Fourth, the Wentaculus gets rid of the vagueness of the boundary condition (Chen ). The exact specification of the initial density matrix has dynamical significance, manifesting in the motion of objects in spacetime. This is not so for the exact boundary of traditional versions of the past hypothesis.
Finally, the Wentaculus, in its Everettian version, is the first realistic and simple example of strong determinism; its fundamental laws permit exactly one possible world. The actual multiverse could not have been different without violating the laws.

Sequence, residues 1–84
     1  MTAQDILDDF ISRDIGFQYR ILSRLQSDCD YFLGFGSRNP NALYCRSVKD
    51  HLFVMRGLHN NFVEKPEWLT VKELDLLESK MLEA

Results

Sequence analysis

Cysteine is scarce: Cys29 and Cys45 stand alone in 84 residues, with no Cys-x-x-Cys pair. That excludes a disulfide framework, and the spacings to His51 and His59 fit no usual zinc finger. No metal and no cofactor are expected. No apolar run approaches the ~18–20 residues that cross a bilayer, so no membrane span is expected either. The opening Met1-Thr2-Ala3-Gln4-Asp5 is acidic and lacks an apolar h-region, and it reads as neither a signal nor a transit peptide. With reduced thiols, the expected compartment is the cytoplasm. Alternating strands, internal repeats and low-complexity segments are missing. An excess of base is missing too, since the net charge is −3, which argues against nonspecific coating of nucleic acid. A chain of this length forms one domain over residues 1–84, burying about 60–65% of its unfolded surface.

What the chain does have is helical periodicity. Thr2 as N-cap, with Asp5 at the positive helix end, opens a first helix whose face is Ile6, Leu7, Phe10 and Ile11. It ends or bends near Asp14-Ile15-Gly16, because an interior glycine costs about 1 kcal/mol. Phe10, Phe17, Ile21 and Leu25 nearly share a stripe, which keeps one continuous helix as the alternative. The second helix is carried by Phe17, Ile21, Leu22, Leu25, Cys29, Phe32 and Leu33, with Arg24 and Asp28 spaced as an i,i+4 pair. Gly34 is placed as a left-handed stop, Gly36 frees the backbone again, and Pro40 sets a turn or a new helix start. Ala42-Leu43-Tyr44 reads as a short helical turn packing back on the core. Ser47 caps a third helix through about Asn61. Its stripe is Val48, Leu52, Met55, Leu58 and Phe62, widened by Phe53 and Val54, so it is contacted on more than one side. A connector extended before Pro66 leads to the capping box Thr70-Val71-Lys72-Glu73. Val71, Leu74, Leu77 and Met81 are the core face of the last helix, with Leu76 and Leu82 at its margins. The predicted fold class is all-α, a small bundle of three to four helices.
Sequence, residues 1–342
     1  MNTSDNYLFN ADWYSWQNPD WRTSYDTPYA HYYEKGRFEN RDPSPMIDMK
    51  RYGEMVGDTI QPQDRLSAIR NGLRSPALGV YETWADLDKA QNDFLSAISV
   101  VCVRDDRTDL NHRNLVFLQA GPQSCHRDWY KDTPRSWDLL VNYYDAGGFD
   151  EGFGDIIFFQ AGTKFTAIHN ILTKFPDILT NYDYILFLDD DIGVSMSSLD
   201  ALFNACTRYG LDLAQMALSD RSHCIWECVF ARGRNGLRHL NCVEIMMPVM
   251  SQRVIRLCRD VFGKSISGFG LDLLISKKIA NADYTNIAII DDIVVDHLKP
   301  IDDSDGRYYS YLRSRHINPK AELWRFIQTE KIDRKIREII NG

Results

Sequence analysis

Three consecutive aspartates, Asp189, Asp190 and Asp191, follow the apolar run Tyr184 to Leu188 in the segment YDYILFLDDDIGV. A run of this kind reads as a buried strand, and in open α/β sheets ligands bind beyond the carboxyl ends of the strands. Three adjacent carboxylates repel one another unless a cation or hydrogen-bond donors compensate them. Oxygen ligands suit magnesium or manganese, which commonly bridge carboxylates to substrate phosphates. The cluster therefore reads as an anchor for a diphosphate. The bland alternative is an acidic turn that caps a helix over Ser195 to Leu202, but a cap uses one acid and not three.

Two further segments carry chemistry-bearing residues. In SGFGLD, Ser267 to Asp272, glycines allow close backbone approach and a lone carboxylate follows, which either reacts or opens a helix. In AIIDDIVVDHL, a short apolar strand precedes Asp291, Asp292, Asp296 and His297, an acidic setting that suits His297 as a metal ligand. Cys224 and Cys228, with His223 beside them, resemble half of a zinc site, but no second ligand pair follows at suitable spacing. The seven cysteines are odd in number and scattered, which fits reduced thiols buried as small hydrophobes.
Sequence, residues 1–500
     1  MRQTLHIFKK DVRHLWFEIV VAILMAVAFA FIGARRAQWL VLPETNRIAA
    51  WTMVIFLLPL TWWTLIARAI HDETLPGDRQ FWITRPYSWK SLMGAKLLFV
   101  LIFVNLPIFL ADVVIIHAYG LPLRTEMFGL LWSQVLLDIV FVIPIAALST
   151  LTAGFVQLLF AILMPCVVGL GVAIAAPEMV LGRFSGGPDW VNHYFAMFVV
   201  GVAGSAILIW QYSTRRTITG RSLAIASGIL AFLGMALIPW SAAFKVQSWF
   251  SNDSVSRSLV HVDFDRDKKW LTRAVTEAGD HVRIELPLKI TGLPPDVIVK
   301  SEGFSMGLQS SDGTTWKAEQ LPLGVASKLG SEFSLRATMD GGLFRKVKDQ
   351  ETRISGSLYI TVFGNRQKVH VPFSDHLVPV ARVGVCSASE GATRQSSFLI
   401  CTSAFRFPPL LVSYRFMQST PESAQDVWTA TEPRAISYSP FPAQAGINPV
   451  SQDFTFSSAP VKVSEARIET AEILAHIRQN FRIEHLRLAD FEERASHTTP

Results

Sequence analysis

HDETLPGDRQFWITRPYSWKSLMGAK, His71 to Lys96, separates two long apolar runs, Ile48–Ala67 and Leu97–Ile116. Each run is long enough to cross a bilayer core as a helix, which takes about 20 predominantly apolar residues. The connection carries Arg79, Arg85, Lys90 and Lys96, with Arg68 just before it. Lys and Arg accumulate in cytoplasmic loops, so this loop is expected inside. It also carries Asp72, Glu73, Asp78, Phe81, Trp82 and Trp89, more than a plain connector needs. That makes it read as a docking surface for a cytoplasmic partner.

In summary, the Wentaculus is a new class of theories that solves the puzzles of time’s arrow and quantum ontology, together and in a more satisfactory way. This has implications for several central debates in philosophy of physics. There are no longer two sources of objective probabilities; the vagueness of the boundary condition law is removed; and we don’t need to reify the high-dimensional configuration space as the fundamental space. The Wentaculus shows that the foundations of quantum mechanics and foundations of statistical mechanics are intimately connected. It’s satisfying to see that nature is so unified, and two puzzles can be unlocked with a single key.